PPS. Ten days ago I predicted that Switzerland would have 5 times as many active cases as China by the end of March. It ended up being 6 times as many. Very soon it will be 10 times as many.

PPPS. In East Asia, bigotry against Westerners is on the rise.

PPPPS. For those interested in looking beyond burial urns, a scientific study looks at the extent of the undercount in Wuhan.

Those Chinese never seem to learn

This Bloomberg headline really makes me angry:

When will the Chinese learn? Censoring doctors who are trying to warn the public about failures in the response to coronavirus will always backfire, just making the problem worse. You’d think that after what happened in January in Wuhan the Chinese would have learned their lesson.

Oh wait . . .

More confirmation that the Fed is never out of ammo

Market monetarists knew this all along:

Should conditions on Wall Street deteriorate significantly, the central bank could go where it’s never gone before: to passively intervene in the stock market for the first time ever, according to market analysts and economists.

. . .  The Fed would need congressional permission to extend its operations, but it already has received wide latitude from the Treasury Department through emergency provisions in the Federal Reserve Act.

“If there were any major dislocations, it is clear that they will go into whatever nook and cranny in the market that starts to choke,” said Quincy Krosby, chief market strategist at Prudential Financial. . . . Indeed, the Fed already has shown a willingness to go beyond its financial crisis response, and it may have to do more if the crisis worsens.

As the economic fallout from the pandemic spread earlier this month, Boston Fed President Eric Rosengren already was saying the Fed may need to broaden the types of assets it can buy to support the economy.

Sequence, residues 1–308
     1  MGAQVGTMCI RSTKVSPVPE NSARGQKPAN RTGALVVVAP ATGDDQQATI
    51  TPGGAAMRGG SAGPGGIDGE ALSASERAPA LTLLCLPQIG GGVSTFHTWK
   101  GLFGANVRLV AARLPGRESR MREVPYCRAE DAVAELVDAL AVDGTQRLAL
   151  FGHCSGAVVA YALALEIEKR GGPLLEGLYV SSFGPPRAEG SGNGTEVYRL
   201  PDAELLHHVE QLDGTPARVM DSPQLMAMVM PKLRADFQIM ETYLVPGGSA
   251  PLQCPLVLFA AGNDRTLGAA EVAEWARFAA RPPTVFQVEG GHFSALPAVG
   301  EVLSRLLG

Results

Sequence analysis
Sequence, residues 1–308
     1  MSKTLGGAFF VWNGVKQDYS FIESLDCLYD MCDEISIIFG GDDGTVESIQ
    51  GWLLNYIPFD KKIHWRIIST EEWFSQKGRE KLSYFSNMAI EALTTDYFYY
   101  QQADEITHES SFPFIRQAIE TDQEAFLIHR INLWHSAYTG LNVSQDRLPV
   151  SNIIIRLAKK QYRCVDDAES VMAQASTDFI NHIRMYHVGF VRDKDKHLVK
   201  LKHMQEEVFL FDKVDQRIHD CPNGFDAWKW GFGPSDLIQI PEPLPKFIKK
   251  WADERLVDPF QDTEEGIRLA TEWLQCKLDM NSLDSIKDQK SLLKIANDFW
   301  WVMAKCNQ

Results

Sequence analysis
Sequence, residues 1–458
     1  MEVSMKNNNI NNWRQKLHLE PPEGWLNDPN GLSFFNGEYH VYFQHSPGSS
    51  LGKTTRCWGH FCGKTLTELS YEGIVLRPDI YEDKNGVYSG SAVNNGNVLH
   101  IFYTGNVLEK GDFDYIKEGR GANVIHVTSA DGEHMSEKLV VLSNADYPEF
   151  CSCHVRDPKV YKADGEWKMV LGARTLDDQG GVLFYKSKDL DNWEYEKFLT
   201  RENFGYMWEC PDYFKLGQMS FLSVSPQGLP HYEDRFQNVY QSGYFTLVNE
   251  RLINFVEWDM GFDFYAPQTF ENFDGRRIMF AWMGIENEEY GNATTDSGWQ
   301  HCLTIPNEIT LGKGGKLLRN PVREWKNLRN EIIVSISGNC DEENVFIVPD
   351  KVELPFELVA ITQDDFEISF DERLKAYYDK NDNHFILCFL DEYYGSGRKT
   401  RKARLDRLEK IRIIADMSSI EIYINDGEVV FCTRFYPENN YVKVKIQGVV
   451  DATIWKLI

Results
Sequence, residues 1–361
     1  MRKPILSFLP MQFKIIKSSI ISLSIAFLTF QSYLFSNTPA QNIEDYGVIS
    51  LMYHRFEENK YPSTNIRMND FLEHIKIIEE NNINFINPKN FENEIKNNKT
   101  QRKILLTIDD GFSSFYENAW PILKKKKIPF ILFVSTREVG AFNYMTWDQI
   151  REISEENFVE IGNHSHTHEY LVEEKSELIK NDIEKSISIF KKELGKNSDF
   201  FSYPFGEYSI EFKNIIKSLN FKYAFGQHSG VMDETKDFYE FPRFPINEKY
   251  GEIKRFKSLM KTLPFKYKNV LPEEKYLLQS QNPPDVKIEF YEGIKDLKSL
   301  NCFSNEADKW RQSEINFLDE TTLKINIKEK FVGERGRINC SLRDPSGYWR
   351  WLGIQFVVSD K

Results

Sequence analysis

It’s fine if people want to keep talking about fiscal stimulus.  But don’t pretend it’s justified by the Fed running out of ammo.

PS. As I’ve said repeatedly, I’m in favor of Congress giving the Fed permission to buy corporate stocks and bonds, and I oppose the actual purchase of those assets.  Instead, I’d pursue level targeting.

HT:  David Beckworth

Five stages of denial

[Before starting this silly post, let me say that I’m seeing some positive signs in data from many countries; the curves seem to be starting to bend. Yay!]

Five Stages of Denial:

Stage one:

I feel for those poor Chinese suffering from the terrible coronavirus. Glad we don’t have it.

Stage two:

You say the problem is becoming worse here than in East Asia? That can’t possibly be true. Those East Asian countries must be faking the data. The West is superior.

Stage three:

OK, maybe the East Asian data is accurate, but we are much freer than the East Asian countries.  That’s why we are getting hit harder.  Freedom has a price.

Stage four:

You say it’s now gotten so bad in the West that many of us now have tighter restrictions that some of the East Asian countries?  OK, but the Chinese are to blame for all of this.  They delayed reporting the severity of the epidemic for several weeks.

Stage five:

OK, you say that an extra few weeks would have made no difference, as the West spent nearly 2 months twiddling its thumbs once we found out? And you say that our governments also lied to us? Well then the Chinese are to blame because they are a barbaric race that eats wild animals, and that’s what created the disease in the first place, just as Africans created AIDS and Europeans explorers brought smallpox to the New World.

And BTW, you are an apologist for Communist China because you are forcing me to confront the fact that the West might not be as superior as I had assumed.

I guess it was inevitable that this crisis would push people toward “us vs. them” thinking, but it is still quite worrisome.  Even within the US, you have states trying to keep out residents of other states.  And that prejudice is directed against our fellow Americans; just imagine how Americans feel about foreigners right now.

Unfortunately, things are no better in China, where Westerners are now widely viewed as a disease-ridden menace that needs to be kept out of their country.  Let’s hope that sanity prevails in the long run.  Looking back at history, I think it’s fair to say that a global rise in hypernationalism generally doesn’t end well.

PS.  Here’s the pro-communist WSJ explaining how China successfully controlled the coronavirus.

PPS.  Here’s an excellent NYT article on how the Wuhan government covered up the problem.  It’s the best account I’ve seen.

And LOL:

Trump spent weeks downplaying the coronavirus — but now thinks keeping US deaths under 100,000 would be ‘a very good job’

To quote Former President Bush: “Brownie, you’re doing a heck of a job”.